I believe this will be the 3rd post I have made after a discussion with my Uncle, although it has been quite awhile since my last one. To recap, he played football at Ohio University in the mid-90's, and now coaches at a small military academy in North Carolina. Despite this, he makes sure to watch every OSU game, mostly on DVR, which allows him to breakdown a game in a fantastic way. This week we talked about JK Dobbins, since that is what everyone seems to be talking about.
First off, he agrees with everything that everyone has been saying. "He needs to be more patient". I mentioned how having a running threat at QB should help, and he responded with "Well it depends how you use him". It was obvious to the naked eye that very few zone reads were called during the game. However, as my Uncle has pointed out many times, there are several forms of the Zone Read. Here is where I will jump in the time machine to, yet again, another fantastic piece by Kyle Jones. In this film study, Kyle breaks down the "Tight Zone", or more generally referred to as the "Inside Zone Read". With Braxton Miller and JT Barrett at the helm, this play was the absolute bread and butter of the offense.
When the average football fan thinks "Read Option" the Tight Zone is probably the first thing to come to mind. But how does this affect JK Dobbins or any RB for that matter? "If the QB reads it right, and the O-line blocks, it is as simple as blowing through the hole as quickly as possible. The RB should have 3 yards before he even encounters a defender.", said my Uncle, "there is a big difference in making a move 3-5 yards downfield, versus at the LOS". In other words, there really isn't an instant strain on the RB to identify the hole to run through, as the QB should theoretically only give the ball if that hole is there, or if the defense just makes a fantastic play (Sam Hubbard vs. PSU anybody?)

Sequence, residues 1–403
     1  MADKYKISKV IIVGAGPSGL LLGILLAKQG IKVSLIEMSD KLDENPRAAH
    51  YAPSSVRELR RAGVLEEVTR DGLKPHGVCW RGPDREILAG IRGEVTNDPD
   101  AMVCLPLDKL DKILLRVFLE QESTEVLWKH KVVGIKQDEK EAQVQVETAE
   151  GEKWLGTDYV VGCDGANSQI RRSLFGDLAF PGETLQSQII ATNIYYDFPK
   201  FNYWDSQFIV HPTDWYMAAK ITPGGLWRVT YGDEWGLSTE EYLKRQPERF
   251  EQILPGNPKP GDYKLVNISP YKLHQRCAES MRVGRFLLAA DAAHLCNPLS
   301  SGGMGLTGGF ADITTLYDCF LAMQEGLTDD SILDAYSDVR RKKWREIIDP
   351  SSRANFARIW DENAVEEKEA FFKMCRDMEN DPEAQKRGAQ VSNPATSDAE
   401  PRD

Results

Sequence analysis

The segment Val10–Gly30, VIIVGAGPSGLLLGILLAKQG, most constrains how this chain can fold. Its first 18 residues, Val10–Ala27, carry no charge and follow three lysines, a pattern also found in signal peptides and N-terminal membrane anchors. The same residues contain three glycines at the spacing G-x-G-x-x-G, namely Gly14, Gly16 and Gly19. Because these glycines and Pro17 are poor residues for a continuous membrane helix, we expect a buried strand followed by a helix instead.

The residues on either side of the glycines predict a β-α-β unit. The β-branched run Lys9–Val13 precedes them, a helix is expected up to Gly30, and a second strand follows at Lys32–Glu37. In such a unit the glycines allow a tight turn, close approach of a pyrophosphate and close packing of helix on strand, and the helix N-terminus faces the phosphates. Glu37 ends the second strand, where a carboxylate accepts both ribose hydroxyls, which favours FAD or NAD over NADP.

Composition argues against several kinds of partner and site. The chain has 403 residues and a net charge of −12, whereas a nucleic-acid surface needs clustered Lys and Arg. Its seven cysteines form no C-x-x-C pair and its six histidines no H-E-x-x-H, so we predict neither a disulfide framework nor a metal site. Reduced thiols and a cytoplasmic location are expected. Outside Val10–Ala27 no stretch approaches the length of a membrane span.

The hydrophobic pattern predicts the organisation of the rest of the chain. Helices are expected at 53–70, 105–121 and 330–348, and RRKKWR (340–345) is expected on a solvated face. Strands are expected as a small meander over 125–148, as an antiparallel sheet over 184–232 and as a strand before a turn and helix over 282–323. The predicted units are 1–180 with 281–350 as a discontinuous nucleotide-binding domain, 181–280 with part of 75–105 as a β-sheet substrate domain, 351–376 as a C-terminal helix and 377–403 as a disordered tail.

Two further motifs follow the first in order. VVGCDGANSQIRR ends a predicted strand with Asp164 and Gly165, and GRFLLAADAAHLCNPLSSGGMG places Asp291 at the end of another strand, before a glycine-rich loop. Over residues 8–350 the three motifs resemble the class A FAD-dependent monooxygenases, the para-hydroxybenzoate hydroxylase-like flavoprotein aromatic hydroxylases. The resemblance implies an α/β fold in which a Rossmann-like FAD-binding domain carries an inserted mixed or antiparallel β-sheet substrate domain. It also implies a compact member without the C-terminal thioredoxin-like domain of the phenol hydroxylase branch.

Here, JT reads the DE charging, creating 2 holes for JK to easily score. The next play shown is the exact same. By the threat of JT keeping it, the LT moves up field, giving JK a huge hole, and alleviating the issue of "being patient and finding the gap".
Now jumping ahead to 2018. We heard the cries for a Tate red-zone package; however, they rarely worked. Mainly due to a combination of bad reads and penalties. But here is a case where the same zone read is used to perfection.
I will be very interested to see if Ryan Day and this staff go back to more of these looks. There were a couple in the FAU game, but not nearly as many as 2012-2017. There is no doubt the QB plays a major role, and we know both Braxton Miller and JT Barrett were magicians in reading this play.
P.S. While writing this I realize even more how great Zeke was at OSU. Dude was great in this zone-read play, but was also as patient as ever on outside zone plays, which OSU used a ton once JT went down.